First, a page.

A common cause of peripheral acute vertigo, Vestibular Neuritis is a condition characterized by a sudden onset of dizziness in a previously well, young or middle-aged individual. In the beginning, the vertigo is severe and then it subsides gradually over a period of several days or weeks. Apart from vertigo, another characteristic feature that’s used as a diagnostic criterion for Vestibular Neuritis is the absence of any cochlear symptoms, such as deafness and tinnitus (noise or ringing in the ear).
How Vestibular Neuritis Impacts Quality of Life
Vestibular Neuritis can significantly impact the quality of life of a patient, particularly in the initial stage which is characterized by frequent episodes of dizziness that may or may not be associated with vomiting. The condition can prove to be a hassle and prevents an individual from performing their day to day tasks.
Research shows that Vestibular Neuritis results in the interruption of daily activities in as many as 80 percent of patients, causing them to take a sick leave or visit a doctor. In addition to social and professional life, the condition also impacts mood and cognitive status. People with Vestibular Neuritis are more likely to experience anxiety, depression, and difficulties in spatial memory and return to social and sports activities. Since balance difficulty is one of the characteristic symptoms of the condition, patients with Vestibular Neuritis are at a significantly higher risk of falling and suffering injuries.
How to Treat Vestibular Neuritis?
Considering the multidimensional effects of Vestibular Neuritis, it is important to seek expert medical care in order to relieve the symptoms and improve the quality of life of the affected individual. The treatment of Vestibular Neuritis comprises of:
- Management of Symptoms
The treatment of Vestibular Neuritis begins with the management and control of the common symptoms, including nausea, vomiting, and dizziness. Most commonly, physicians prescribe an anti-emetic to relieve nausea and vomiting, as well as vestibular suppressants to prevent dizziness.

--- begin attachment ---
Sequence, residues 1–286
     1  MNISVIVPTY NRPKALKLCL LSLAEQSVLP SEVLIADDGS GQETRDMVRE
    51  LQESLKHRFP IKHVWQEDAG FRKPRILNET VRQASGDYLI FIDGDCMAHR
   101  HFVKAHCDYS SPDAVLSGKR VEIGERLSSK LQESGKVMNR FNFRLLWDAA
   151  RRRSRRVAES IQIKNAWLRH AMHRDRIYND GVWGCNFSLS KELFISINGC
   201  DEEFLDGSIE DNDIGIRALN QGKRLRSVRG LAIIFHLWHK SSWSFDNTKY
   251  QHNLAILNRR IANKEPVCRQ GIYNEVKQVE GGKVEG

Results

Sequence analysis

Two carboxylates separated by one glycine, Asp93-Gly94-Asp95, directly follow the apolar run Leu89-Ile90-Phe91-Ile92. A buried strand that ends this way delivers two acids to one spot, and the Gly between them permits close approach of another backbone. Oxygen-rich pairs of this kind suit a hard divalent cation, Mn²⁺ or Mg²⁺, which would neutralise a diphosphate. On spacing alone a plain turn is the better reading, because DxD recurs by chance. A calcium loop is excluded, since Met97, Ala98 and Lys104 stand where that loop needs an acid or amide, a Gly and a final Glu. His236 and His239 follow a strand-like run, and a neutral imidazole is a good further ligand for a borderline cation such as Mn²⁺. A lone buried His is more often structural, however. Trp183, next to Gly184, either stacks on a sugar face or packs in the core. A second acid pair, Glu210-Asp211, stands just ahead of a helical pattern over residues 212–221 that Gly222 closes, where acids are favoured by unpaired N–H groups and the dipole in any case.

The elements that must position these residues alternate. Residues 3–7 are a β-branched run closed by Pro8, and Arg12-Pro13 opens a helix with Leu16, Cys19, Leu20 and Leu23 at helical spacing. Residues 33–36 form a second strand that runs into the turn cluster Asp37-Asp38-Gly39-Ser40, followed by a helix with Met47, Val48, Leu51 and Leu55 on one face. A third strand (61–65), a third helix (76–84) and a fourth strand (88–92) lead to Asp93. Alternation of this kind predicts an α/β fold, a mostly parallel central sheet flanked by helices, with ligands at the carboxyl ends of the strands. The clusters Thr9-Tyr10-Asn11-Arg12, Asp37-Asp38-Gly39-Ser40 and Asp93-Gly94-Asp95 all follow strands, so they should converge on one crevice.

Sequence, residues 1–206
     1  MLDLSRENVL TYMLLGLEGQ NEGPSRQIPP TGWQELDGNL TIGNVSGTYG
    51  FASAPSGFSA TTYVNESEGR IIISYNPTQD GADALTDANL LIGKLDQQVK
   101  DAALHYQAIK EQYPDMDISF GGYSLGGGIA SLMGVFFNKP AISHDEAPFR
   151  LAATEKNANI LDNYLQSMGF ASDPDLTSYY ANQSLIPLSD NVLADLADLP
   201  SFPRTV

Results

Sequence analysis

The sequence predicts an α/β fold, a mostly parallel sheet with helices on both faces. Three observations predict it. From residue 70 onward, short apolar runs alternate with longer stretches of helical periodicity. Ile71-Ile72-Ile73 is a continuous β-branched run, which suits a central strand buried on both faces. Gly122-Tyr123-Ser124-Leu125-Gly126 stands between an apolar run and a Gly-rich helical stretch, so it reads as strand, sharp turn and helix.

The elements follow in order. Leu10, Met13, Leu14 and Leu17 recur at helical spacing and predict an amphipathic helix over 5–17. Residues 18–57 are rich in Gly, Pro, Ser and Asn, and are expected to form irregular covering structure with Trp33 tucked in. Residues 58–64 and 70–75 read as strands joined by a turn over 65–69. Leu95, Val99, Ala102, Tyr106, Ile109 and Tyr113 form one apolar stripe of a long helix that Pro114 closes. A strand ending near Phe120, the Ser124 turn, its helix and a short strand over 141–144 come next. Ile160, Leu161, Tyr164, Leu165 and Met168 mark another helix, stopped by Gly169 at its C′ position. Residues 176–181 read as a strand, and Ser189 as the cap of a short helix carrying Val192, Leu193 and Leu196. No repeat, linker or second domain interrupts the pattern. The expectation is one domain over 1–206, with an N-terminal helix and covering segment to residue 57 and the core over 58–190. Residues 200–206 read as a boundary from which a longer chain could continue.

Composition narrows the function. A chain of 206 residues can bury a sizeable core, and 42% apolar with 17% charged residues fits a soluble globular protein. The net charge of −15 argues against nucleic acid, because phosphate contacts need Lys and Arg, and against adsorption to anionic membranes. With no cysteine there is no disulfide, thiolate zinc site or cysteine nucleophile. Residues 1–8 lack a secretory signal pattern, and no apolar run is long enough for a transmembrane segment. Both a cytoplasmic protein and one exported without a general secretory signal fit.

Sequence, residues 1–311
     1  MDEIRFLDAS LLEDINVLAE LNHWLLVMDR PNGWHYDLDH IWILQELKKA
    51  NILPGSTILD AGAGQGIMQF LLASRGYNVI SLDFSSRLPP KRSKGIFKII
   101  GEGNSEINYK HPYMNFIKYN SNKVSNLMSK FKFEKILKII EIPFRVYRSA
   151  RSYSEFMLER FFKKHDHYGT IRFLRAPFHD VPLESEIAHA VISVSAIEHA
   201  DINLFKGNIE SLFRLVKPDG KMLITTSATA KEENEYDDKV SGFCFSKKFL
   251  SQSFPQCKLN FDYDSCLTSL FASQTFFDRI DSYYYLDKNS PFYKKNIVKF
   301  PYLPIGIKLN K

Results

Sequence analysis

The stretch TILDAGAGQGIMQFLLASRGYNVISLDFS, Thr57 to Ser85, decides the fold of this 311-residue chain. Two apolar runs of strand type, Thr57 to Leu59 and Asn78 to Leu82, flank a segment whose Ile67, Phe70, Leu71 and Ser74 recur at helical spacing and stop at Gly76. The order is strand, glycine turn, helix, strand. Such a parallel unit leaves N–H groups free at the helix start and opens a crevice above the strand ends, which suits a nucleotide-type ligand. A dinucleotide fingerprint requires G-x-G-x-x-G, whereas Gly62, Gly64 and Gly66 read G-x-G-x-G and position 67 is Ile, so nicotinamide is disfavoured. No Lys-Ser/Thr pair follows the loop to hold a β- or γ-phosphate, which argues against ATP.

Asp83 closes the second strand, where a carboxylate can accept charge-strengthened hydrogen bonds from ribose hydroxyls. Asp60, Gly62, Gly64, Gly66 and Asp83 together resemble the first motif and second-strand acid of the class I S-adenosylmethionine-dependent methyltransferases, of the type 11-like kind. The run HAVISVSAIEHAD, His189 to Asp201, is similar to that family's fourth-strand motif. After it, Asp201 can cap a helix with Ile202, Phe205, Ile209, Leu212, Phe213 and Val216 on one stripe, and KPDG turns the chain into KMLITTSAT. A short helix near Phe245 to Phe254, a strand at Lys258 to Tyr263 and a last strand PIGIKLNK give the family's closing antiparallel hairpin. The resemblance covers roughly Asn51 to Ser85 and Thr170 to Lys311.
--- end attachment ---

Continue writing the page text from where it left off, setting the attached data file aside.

A period of rest is also advisable to prevent further injuries and speed up the rate of recovery.
- Balance Rehabilitation Program
The long-term management of Vestibular Neuritis focuses on the restoring the balance and preventing vertigo to prevent vestibular hypofunction causing chronic lightheadedness or dizziness with head & body movements. To achieve this objective, a vestibular physiotherapy program is recommended that uses a variety of exercises to retrain the brain of the affected individual to adapt to the changes in balance that they experience during an episode of dizziness. Most physiotherapists use the following exercises to restore the balance and reduce the risk of falling.
- Exercises to train patient on how to shift their body weight forward, backward, and side to side while standing
- Head turn exercises that teach patient how to keep their vision steady while making rapid head turns
- Exercises to train patient on how to keep their eyes focused on a distant point with brief glances at the floor while walking
For most patients, Vestibular Neuritis is a one-time experience with no long-term consequences. However, in order to limit the impact of the condition on the life of a patient, it is important to seek medical advice and practice different exercises recommended by an experienced physiotherapist.
To learn more about the treatment of Vestibular Neuritis or to book an appointment with our North York vestibular physiotherapist, please call at 416 444 4800.